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Credit worries cling to the stock market like fleas to a dog. One of today's headaches came from the Canadian asset-backed commercial paper market which traders here are eyeing nervously. Meanwhile, U.S. brokerage stocks and banks have been pulled into a spiral of selling, amid rumors that any one of the firms is facing credit issues. "They're all getting beaten with the ugly stick today," said Fast Money's Jeff Macke on Power Lunch today.
More credit problems surfaced in the financial sector on Tuesday, battering stocks and fueling worries that things will get worse before they get better. "The market is still jittery," said Stephen Porpora, managing floor broker with William O'Neil. "Everybody's looking for the next shoe to drop in this subprime problem."
Stocks closed sharply lower, with the Dow dropping more than 200 points, amid continuing anxiety about the credit markets and a weak earnings outlook from Wal-Mart. "I still feel the market is headed for a lower low," said Byron Wien, chief market strategist at Pequot Capital Management.
Home improvement retailer Home Depot said reported a 15 percent fall in second-period profit Tuesday as sales fell short of expectations amid the softer U.S. housing market.
CNBC's Bob Pisani reports on what traders are telling him before the market opens: The European Central Bank for a fourth day needed to add extra cash into the overnight lending market. But the action is working. Overseas markets are largely calm.
One week after Cerberus Capital announced former Home Depot spacerCEO Bob Nardelli will take over Chrysler, the reality of the job he faces in fixing the automaker is clear. It is gonna take a while.
While most long-term investors should stay on the sidelines during the current market turmoil, analysts say there are opportunities to find some bargains amid the carnage."Fear creates opportunity," Michael Embler, chief investment officer at Franklin Templeton Investments, told CNBC.com. "If you are a long-term investor, you should be turning off your screen. But if you want to buy stock, this is an opportunity."
U.S. Stocks ended sharply lower on renewed fears about credit markets and global liquidity. "The message of the markets today is that the credit problem is significantly more than what was being forecast or expected by private sector economists and the Federal Reserve," said Hugh Johnson of Johnson Illington Advisors. "This sharp decline is very scary."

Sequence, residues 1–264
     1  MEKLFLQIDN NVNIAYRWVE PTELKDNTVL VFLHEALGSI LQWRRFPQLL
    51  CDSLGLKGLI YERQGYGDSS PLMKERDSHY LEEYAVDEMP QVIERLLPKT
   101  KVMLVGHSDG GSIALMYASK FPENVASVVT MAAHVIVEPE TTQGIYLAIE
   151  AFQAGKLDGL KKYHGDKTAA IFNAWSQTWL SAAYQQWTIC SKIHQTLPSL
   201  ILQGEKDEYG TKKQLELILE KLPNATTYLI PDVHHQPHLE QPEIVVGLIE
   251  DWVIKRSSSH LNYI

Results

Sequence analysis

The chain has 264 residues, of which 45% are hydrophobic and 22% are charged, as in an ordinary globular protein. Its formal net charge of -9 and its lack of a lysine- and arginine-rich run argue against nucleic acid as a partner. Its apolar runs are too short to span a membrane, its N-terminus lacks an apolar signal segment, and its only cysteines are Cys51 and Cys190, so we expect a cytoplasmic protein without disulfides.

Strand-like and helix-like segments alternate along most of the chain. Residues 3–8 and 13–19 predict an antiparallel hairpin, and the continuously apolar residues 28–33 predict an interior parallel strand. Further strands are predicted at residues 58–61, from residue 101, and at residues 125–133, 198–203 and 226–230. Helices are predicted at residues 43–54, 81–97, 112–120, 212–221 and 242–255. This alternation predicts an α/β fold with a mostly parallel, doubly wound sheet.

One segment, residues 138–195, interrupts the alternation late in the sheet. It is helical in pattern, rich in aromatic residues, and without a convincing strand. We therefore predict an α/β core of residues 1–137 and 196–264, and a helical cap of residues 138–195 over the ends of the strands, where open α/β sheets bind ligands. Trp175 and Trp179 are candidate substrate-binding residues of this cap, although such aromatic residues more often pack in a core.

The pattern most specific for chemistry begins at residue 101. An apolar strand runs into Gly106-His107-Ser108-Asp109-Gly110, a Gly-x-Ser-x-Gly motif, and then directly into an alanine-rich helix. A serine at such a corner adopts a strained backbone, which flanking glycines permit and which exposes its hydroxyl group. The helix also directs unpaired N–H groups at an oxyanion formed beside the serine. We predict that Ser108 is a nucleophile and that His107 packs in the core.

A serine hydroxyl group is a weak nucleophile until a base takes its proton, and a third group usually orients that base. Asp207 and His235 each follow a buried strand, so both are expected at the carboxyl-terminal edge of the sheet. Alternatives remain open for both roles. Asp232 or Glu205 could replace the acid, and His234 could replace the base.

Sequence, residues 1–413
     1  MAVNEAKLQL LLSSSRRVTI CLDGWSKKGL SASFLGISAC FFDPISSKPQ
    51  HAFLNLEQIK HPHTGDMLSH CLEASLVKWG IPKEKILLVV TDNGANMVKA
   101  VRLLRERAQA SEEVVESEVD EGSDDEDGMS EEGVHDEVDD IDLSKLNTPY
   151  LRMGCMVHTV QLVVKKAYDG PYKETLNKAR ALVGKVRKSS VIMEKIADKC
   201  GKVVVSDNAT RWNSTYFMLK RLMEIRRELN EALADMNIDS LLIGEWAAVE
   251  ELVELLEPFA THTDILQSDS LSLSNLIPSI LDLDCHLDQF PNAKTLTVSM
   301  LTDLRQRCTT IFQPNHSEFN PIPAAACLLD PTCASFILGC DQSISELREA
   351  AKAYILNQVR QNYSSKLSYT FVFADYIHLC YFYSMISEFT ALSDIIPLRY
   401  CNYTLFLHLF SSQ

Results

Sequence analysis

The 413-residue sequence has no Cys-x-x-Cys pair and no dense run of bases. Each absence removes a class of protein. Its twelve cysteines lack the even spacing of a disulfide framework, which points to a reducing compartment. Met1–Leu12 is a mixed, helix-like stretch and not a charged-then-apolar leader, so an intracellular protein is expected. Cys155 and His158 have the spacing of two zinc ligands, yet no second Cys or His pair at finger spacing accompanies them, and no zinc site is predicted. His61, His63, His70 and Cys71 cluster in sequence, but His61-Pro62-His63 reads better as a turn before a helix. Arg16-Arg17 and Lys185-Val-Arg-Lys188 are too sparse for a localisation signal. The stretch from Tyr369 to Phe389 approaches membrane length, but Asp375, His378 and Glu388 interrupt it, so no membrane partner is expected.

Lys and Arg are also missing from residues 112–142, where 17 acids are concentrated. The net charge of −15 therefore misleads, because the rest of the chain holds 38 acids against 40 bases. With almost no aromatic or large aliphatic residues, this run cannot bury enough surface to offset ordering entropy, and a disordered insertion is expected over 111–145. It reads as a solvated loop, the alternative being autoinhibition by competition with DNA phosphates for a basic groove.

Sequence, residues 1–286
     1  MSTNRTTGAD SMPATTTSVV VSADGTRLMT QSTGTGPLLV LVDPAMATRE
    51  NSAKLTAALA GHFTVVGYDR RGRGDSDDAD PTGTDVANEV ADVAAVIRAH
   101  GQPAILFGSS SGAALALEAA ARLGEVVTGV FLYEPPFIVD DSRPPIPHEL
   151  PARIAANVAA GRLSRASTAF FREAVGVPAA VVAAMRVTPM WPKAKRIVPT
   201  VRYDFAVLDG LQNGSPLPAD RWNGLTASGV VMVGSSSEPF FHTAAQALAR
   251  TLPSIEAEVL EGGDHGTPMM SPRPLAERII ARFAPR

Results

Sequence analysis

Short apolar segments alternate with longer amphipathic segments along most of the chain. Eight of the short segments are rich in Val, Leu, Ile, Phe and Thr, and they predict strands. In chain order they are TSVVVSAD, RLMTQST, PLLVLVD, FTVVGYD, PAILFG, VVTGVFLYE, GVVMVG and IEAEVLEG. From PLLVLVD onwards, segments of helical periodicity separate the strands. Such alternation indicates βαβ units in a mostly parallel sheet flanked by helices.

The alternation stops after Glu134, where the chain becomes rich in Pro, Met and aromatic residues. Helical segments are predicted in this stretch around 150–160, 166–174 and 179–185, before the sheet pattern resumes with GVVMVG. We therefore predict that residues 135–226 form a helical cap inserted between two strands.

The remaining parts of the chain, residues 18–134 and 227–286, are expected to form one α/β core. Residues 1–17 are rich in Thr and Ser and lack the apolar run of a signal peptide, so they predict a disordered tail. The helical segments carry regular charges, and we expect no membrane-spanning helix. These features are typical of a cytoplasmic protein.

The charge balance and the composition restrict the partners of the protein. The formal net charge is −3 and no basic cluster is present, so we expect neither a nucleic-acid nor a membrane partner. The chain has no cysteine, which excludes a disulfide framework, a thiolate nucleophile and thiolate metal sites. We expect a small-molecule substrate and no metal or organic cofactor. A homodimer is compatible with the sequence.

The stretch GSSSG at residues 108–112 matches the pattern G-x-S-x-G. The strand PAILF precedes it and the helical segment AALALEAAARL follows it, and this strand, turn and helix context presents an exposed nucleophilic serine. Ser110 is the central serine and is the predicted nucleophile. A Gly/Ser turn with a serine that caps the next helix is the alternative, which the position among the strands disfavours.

Retailer Home Depot said Thursday that it was in discussions to restructure terms of its previously announced deal to sell its supply unit, and also said it was lowering the price range for a tender offer under which it is buying back stock.
Stocks rallied as investors snapped up shares in the beaten-down financial sector despite uneasiness surrounding the health of credit markets and the U.S. economy. "We got a big sigh-of-relief rally," said Arthur Cashin, director of floor operations at UBS.
"Massive short squeeze run?" JP Morgan's Charles Grom raises the question of whether we'll see a short squeeze run of retail shares when same store sales are released this Thursday much like we saw last month. If you remember, June's same store sales were not strong by any means rather they were more or less on plan for what is traditionally a weak summer sales season (buyers are on the beach not the in the malls.)
U.S. stocks futures are slightly firmer ahead of the opening in a market still cranky about credit worries and pondering the Fed's next move. European stock markets are mixed after trading lower this morning, and Asian stocks were lower overnight.
Cerberus Capital Management named former Home Depot Chief Executive Robert Nardelli as chairman and chief executive of Chrysler in an executive shake-up just after the private equity firm completed a deal to acquire the struggling No. 3 U.S. automaker.
Talk about moving fast. Just two days after taking ownership of Chrysler, Cerberus Capital has put a new man in charge of the struggling automaker. And it's a bold move picking an auto industry outsider. Bob Nardelli steps in as Chrysler's chairman and CEO in a move that many will question. Yet, I think this move could work for a couple reasons.
I think that things are going to get worse before they get better in the retail. I took a look at short interest in a few big retail names today and was surprised to see just how many investors were betting AGAINST the stores that cater to the mass market consumer right now.
The Dow and S&P 500 carved out new record highs after stocks rallied sharply later in the week following strong retail sales data and continued mergers and acquisitions activity. Through Thursday, the Dow Jones Industrial Average posted a weekly gain of 1.8%, the S&P 500 rose 1.1%, while the Nasdaq Composite rose 1.3%.
U.S. retail sales in June posted their biggest drop in nearly two years, according to government data Friday, indicating the housing slump and soaring gasoline costs are depressing consumer spending.
Corporate America is on a share buyback binge, fueling concerns that U.S. companies are masking underlying business problems and trying to pump up their executives' compensation.
It has been a tough few months for short-sellers of retail stocks. Buyout activity has helped buoy up stock prices in the sector until Tuesday when it took a turn, and retail stocks were bathed in red following profit warnings from Sears and Home Depot.
The U.S. stock market headed toward an indifferent opening with futures bouncing above and below fair value after Tuesday's selloff. A new round of subprime debt fears on Wall Street spurred selling in equities markets around the world.